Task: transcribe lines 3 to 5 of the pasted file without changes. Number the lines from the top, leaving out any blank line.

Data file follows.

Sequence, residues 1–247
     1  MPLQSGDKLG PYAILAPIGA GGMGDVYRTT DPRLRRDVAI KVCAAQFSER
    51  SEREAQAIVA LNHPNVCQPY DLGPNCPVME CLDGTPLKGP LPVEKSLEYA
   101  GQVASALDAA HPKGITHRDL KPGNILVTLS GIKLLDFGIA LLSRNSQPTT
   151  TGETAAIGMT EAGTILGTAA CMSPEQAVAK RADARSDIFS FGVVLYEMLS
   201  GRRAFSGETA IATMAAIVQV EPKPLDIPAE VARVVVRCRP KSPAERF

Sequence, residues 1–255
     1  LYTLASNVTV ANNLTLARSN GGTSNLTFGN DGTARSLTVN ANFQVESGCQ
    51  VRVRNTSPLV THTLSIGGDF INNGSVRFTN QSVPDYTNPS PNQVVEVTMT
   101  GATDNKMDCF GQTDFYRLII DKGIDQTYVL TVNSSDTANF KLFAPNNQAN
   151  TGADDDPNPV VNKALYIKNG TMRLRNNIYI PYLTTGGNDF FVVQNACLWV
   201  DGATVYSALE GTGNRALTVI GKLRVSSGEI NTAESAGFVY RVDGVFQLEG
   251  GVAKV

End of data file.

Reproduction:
    51  SEREAQAIVA LNHPNVCQPY DLGPNCPVME CLDGTPLKGP LPVEKSLEYA
   101  GQVASALDAA HPKGITHRDL KPGNILVTLS GIKLLDFGIA LLSRNSQPTT
   151  TGETAAIGMT EAGTILGTAA CMSPEQAVAK RADARSDIFS FGVVLYEMLS